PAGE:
An attorney who investigated complaints against former Waco Convention Center and Waco Convention and Visitors Bureau Director Todd Bertka recommended he be replaced after finding he exhibited “substandard judgment,” violated city purchasing guidelines and created poor department morale, city records show.
After one of Bertka’s employees filed a complaint with the Waco City Manager’s Office on Dec. 10, the city hired Melissa Cranford, a senior attorney with the Messer, Fort and McDonald law firm who specializes in labor and employment law, to investigate the allegations.
While Cranford did not find information to sustain allegations that Bertka created a hostile work environment or retaliated against the complaining employee, she found that Bertka violated purchasing protocols, used poor judgment, alienated staff and received inappropriate hotel discounts.
Bertka’s resignation was effective Feb. 15, but he will continue to be paid his salary and remain in a “special assignments capacity” with the city manager’s office until March 17. Bertka is paid $150,380 a year.
Bertka, who worked for the city two years, declined comment when asked Wednesday about his resignation. Waco City Manager Bradley Ford also declined to discuss Bertka’s resignation, saying only that he will be looking for a replacement.
Bertka said in his resignation letter that he enjoyed his job.
“My experience with the Waco Convention Center and Visitors Bureau, Hospitality and Community partners, City staff and City Council have been completely rewarding and has helped to shape my career path,” Bertka wrote in the resignation letter. “I am extremely proud of the many accomplishments our team has achieved in these two years. And I thank you for the leadership and guidance you have provided me during this time as well.”
While city officials declined to discuss Bertka’s abrupt resignation, the Tribune-Herald obtained through an open records request a summary report of Cranford’s investigation, a copy of the employee’s complaint, Bertka’s performance review from 2019 and a copy of his resignation and release agreement with the city.
Under the agreement, city officials will tell prospective employers that Bertka’s resignation was voluntary, will give him a “neutral” reference and say he is eligible for rehire.
Cranford interviewed the complaining employee, Bertka and current and former Convention Center staff members who worked with Bertka. Cranford noted that based on those interviews, the employee’s allegations of a hostile work environment “are not sustained.”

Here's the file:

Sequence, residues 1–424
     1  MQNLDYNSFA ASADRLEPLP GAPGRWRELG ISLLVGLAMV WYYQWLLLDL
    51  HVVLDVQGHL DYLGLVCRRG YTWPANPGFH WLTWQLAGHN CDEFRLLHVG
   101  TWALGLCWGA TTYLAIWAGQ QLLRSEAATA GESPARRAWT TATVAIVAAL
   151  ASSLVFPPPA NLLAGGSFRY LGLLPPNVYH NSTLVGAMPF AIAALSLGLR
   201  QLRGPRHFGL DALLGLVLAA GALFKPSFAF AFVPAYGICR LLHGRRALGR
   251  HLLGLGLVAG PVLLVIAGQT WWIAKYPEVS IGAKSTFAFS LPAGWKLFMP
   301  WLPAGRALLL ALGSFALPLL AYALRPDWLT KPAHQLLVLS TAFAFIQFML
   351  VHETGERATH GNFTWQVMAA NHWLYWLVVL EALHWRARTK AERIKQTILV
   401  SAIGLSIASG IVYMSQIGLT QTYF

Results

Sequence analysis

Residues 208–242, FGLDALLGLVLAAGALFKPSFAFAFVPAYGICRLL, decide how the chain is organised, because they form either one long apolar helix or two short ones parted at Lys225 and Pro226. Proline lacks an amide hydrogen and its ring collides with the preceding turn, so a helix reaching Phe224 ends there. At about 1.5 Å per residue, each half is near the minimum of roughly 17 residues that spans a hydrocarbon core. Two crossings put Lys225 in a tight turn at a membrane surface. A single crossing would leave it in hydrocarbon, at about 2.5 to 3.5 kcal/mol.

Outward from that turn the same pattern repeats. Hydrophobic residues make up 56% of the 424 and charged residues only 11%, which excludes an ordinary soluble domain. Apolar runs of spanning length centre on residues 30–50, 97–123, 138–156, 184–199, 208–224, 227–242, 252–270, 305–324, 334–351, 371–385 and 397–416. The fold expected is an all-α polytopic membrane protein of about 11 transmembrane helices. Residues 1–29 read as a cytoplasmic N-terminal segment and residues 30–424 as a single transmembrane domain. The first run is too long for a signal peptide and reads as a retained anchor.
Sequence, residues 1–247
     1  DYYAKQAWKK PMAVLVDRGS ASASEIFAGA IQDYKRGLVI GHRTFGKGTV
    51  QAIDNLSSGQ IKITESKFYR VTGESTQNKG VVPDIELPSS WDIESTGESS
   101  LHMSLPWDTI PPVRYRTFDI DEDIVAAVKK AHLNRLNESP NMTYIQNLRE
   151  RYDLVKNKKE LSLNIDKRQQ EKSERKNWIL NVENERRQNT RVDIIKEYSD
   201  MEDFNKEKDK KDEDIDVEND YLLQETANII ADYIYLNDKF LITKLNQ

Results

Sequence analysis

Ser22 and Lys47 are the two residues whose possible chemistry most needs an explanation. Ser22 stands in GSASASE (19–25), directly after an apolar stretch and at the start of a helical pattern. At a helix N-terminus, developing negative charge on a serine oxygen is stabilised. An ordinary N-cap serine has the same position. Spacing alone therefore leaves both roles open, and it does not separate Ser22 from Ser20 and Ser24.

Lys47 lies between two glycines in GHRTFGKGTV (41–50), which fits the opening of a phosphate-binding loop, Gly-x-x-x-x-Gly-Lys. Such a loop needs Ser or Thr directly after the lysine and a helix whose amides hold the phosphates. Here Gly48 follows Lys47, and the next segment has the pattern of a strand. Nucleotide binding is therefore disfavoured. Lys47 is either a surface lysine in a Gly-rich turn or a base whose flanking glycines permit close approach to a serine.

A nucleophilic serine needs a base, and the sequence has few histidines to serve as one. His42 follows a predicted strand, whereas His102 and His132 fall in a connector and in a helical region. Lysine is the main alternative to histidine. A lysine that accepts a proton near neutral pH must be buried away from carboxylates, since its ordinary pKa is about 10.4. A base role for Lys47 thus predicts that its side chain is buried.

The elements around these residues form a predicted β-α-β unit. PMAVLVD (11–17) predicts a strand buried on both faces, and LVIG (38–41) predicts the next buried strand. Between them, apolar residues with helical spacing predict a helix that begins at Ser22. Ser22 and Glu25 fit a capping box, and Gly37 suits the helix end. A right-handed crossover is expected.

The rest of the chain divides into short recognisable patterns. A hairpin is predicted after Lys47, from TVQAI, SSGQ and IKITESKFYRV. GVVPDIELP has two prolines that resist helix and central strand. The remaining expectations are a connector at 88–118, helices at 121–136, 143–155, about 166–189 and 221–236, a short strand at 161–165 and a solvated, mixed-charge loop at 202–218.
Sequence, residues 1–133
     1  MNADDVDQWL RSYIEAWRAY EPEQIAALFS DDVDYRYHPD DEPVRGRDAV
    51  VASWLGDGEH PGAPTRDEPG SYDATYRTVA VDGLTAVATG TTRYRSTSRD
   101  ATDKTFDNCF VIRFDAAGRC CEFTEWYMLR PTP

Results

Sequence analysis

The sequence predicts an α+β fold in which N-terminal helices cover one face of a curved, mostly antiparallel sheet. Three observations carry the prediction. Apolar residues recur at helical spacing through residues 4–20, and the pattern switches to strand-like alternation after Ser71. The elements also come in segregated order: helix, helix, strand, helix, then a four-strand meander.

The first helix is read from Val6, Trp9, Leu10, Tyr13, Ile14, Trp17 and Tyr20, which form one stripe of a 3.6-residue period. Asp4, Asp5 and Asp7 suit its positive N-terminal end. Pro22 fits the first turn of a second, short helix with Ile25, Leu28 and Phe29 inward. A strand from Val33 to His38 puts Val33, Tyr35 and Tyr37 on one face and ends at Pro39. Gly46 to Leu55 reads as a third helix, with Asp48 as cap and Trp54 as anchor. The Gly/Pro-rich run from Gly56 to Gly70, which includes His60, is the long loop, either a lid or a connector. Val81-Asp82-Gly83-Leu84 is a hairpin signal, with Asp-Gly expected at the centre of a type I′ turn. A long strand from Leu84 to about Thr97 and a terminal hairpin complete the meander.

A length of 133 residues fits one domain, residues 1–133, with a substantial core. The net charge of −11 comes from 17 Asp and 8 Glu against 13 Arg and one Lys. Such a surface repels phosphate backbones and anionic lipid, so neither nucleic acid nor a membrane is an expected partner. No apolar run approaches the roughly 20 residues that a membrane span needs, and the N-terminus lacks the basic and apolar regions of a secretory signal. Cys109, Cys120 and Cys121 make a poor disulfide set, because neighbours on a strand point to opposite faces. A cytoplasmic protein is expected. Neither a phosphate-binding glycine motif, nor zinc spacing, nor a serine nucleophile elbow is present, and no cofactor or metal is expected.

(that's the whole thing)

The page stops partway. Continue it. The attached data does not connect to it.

Rather, she said, many of the disagreements between Bertka and the employee “are the result of differing priorities and communication styles.”
“Further, Mr. Bertka’s conduct toward (the employee) and the rest of the Convention Center sales staff does not rise to the level of severe and pervasive so as to affect the terms and conditions of any staff member’s employment,” Cranford wrote.
Cranford also determined Bertka did not retaliate against the employee, concluding that “none of the actions she alleged to be retaliatory were tied to protected conduct” as she and other employees described it.
“While the hostile work environment and retaliation complaints cannot be sustained, morale among the Convention Center’s staff is low and there is regular conflict between Mr. Bertka and his sales staff, particularly (the complainant),” Cranford wrote. “Mr. Bertka’s interactions with his staff are characterized as sarcastic, demeaning and lacking in clear leadership decisions.
“His management style is described as chaotic and disorganized. According to his employees, he often makes decisions without having the full facts, changes course in front of clients despite an agreed upon plan of action and generally creates discord among staff and with clients or partners of the Convention Center. Based on multiple employee interviews, poor morale and staff turnover are likely to persist under Mr. Bertka’s management.”
The employee wrote in her complaint that led to the investigation that all but one of the department staff members are “trying to leave because of him.”
“The atmosphere that has been created has disintegrated our team, and the people we have left are holding on by a thread,” the employee wrote.
The complaint claims Bertka used his position for personal gain and violated the city’s purchasing guidelines. Cranford sustained those allegations, in part, by reporting Bertka authorized the preparation of gift baskets for his family members, “including the purchase of specialty items which would have violated the city’s purchasing guidelines.”
“The investigation also shows Mr. Bertka used his position to seek or obtain favors or services from employees under his supervision, which made employees uncomfortable and caused them to expend personal time and effort for his requests,” the report states.
Cranford also reported Bertka demonstrated “poor judgment” in interactions with the Convention Center’s clients and partners. His social relationship with a former hotel representative created the appearance of favoritism in the eyes of the Convention Center staff, she reported.
“Although allegations that Mr. Bertka received services or discounts from the city’s vendors and partners are not sustained, Mr. Bertka failed to follow management’s direction to fully remedy inappropriate hotel room discounts provided to him in his official capacity,” the report states. “Allegations Mr. Bertka made unapproved purchases for the city’s Convention Center are also not sustained.”